Skip to content

Enlightenment, the Open Secret

August 14, 2013

Q: How would you describe The Buddha’s path to enlightenment to ordinary people in simple language?

The Arahant: Well, to put the Buddha’s complete teaching in plain language would not be possible, since there are so many technical terms for which there are no direct translation. But certainly the beginning could be expressed in ordinary terms, and it would go something like this:

‘Everything you believe, everything you know, everything you think, everything you do and say, who you are, what you feel, your hopes, dreams and desires—even the universe in which you live and all the beings within it, including its creator—are nothing but temporary fabrications. You are deluded; you are in illusion; the reality is right before your very eyes—yet you never see it because you are in a state of perpetual self-hypnosis.

‘You are suffering, and you will continue to suffer—wounded by the past, fearing for the future, deluded by conceit, exploited by desire, naively hoping that somehow you can escape the certainty of old age, sickness and death. You are trapped in a never-ending struggle for wealth, power, fame and enjoyment; but these are as insubstantial as smoke. The cure of chasing pleasure doesn’t work—and it’s more painful than the disease.

‘Actually you are nothing but a kept animal, a slave living in a world fashioned by powerful men as their playground, misled by your senses into all manner of stupid and fruitless activity. But you convince yourself and others that you are intelligent, civilized and educated by filling your head and mouth with empty symbols. Your life is nothing but a tale told by an idiot, signifying nothing, going nowhere, changing nothing.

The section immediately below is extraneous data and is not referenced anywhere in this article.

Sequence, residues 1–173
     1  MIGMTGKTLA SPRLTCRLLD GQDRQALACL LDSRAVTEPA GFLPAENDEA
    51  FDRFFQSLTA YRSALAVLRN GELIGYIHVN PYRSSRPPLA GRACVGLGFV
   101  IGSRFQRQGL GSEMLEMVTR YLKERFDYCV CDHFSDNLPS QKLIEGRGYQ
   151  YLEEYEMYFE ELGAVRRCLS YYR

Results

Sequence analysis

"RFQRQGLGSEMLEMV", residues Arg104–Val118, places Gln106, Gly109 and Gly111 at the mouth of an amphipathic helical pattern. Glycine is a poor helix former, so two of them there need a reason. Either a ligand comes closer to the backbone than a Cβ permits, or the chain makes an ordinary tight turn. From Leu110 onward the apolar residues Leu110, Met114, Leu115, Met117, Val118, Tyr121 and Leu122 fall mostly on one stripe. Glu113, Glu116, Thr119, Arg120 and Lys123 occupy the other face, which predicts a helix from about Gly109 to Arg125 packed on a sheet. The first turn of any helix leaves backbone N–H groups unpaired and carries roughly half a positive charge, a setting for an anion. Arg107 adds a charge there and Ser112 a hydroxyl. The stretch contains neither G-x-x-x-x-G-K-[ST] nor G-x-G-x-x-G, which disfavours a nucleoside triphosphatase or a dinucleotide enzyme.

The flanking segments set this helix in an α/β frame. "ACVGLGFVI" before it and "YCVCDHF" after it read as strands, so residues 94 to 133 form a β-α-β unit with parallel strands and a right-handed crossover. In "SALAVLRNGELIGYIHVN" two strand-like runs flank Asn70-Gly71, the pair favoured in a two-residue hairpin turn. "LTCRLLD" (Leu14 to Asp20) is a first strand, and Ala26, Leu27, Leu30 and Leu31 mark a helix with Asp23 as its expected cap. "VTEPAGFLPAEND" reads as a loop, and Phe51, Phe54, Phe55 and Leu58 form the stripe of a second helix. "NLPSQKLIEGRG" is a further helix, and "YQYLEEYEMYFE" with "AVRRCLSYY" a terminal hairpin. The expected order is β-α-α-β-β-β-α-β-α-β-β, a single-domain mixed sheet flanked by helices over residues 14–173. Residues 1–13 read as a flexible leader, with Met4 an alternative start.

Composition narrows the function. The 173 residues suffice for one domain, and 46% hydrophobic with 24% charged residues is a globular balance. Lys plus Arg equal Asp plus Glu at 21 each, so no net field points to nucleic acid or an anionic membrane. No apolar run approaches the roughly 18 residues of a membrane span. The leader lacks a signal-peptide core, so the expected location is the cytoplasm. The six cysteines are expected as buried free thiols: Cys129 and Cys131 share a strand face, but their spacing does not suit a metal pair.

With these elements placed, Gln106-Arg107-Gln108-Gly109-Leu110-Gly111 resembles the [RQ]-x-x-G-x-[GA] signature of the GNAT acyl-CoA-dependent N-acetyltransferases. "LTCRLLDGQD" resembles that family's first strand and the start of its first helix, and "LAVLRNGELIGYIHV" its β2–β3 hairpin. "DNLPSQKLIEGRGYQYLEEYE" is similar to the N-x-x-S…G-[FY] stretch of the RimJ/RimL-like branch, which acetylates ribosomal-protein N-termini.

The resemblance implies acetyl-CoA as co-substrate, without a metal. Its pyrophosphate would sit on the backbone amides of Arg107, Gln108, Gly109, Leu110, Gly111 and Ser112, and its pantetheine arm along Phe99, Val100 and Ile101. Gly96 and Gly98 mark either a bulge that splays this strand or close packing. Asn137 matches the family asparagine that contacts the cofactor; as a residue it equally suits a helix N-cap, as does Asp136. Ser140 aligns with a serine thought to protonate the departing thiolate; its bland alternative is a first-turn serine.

‘The solution lies before you, free for the taking, but you refuse to accept it because of your ignorant beliefs and constant self-deception. You are like an elephant tied by a thick rope since birth, a bull kept in a strong corral since being a calf. You are conditioned to think that you cannot break free; but actually you are strong enough to easily escape.

‘In fact, the solution is so simple you are literally incapable of thinking of it. The Buddha discovered it over 25 centuries ago, and made it available free for all who take refuge in him. That original solution is still available today. Of course, first you will have to prove yourself worthy by avoiding all the phonies, cheaters, con-men and swindlers. Only one whose intention is pure can avoid the dangers on the path and recognize the truly enlightened masters. But the challenge of getting through that filter is a necessary part of the enlightenment process.

‘There’s really nothing else to do here except get out. Enlightenment is the only game in town—in fact, in the entire universe. Stop wasting your time with useless nonsense. Open the package, read the instructions and get started. Some assembly required. Think of it as an intelligence test.’

Q: Hmm, not very good marketing. Maybe you should read How to Win Friends and Influence People

The Arahant: [laughs] Maybe all the blind, weak-hearted, cripple-minded schoolchildren out there should grow up, stop looking for someone else to solve their problems, take responsibility for their condition, read the Suttas, look within and find out for themselves what the Buddha discovered: the solution to all the problems of life.

The ultimate enlightenment cannot be described because it is beyond words, cannot be understood because it beyond thought, and cannot be taught for the same reasons. Anyone who tells you otherwise is a cheat. You are just going to have to work it out or yourself. You’ll know when you get it, but it may take a while. Good luck.

From → Q&A

  1. dhamma123 permalink

    I see. So, Enlightenment or Nibbana can be sought through the following: the Suttas and oneself. Is this correct? So, we should study from the Suttas alone rather than follow an established system? Finally, how do we study Suttas without misinterpreting it?

    • Excellent questions. I shall submit them to The Arahant for his review. Thank you.

Comments are closed.

%d bloggers like this: